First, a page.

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91 per cent of meetings held by UK trade ministers (10/2016 - 06/2017) and 70 per cent of meetings held by UK Brexit ministers have been with business, too often big business, interests. This corporate bias in ministerial access is part of an ongoing trend.

The European Commission is negotiating trade deals and it is currently finalising a deal with Japan, the Japan-European Union Free Trade Agreement or JEFTA.
Regulatory cooperation in JEFTA has the potential to be detrimental to our democracy, giving big business more rights to be involved in lawmaking at an early
stage.

Corporate Europe Observatory analyses the UK government's grid of stakeholders working on TTIP which clearly illustrates how the forces for and against the EU-US trade deal are shaping up.
Today, a European alliance of over 50 civil society organisations will launch the Alternative Trade Mandate pledge campaign, calling on European Parliament election candidates to make EU trade and investment policy serve people and the planet, not just the profit of a few large corporations.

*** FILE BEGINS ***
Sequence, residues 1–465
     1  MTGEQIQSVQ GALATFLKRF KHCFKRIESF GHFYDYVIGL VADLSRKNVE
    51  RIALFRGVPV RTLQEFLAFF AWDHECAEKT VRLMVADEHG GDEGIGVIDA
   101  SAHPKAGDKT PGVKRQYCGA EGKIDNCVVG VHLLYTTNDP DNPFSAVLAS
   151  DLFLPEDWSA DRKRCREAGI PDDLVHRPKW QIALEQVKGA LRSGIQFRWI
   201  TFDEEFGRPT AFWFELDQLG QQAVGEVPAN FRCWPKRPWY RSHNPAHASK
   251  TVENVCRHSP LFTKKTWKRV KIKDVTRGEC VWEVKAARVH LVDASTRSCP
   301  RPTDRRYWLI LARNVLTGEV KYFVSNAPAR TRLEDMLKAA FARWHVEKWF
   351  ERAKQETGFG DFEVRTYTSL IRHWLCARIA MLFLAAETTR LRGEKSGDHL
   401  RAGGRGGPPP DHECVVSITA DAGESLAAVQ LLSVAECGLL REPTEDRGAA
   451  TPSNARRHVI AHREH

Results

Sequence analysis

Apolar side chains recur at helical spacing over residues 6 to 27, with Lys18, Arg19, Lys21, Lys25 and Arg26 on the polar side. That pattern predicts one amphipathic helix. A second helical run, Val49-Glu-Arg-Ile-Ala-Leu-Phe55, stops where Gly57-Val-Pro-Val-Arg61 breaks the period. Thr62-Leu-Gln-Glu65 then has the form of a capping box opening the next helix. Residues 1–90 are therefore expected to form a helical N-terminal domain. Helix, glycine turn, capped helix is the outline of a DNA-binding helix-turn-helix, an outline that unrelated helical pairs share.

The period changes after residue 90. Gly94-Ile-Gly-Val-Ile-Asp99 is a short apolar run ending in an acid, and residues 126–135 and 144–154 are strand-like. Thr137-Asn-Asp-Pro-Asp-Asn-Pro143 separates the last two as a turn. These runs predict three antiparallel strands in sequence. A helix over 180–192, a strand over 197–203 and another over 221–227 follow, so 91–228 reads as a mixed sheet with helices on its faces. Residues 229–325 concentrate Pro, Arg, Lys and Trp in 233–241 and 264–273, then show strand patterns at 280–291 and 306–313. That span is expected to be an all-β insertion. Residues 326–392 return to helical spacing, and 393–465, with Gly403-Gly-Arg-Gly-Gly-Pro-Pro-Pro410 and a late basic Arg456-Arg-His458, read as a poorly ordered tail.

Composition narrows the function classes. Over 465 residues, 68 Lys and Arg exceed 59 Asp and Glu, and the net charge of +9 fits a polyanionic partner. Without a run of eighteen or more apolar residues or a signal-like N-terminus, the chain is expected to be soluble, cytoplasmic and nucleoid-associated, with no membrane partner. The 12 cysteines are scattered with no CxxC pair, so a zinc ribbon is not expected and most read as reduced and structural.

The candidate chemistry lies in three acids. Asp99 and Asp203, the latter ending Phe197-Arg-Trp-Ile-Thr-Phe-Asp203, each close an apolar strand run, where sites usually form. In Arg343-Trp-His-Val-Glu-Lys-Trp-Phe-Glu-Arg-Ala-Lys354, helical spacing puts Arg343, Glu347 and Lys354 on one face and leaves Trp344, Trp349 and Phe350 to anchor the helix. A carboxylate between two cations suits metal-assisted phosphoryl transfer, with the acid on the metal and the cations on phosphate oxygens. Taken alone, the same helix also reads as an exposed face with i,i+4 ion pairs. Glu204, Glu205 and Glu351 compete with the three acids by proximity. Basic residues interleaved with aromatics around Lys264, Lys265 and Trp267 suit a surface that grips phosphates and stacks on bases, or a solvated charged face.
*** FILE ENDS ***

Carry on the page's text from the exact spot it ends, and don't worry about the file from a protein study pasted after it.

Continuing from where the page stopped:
The push for reform continues from within the European Parliament, from the Ombudsman’s office and from civil society. This year, two Ombudsman inquiries, a Parliament discussion on the use of transitional allowances to prevent conflicts of interest, and finally, Parliament’s reaction to the Commission proposal for reforming Commissioners’ ethics rules all need to be wrapped up.

Here’s a roundup of the various factors that might push a reform of the revolving-door rules in 2018.

The decision of the European Ombudsman to ask the European Central Bank President to end his membership of an opaque and exclusive club dominated by financial corporations is a step towards ending a culture of secretive collusion between regulators and big banks.

CETA has now been provisionally applied. Our new mobile and desktop game Dodgy Deals lets players face some of the dangerous features of trade deals like CETA and shows what is at stake.

91 per cent of meetings held by UK trade ministers (10/2016 - 06/2017) and 70 per cent of meetings held by UK Brexit ministers have been with business, too often big business, interests. This corporate bias in ministerial access is part of an ongoing trend.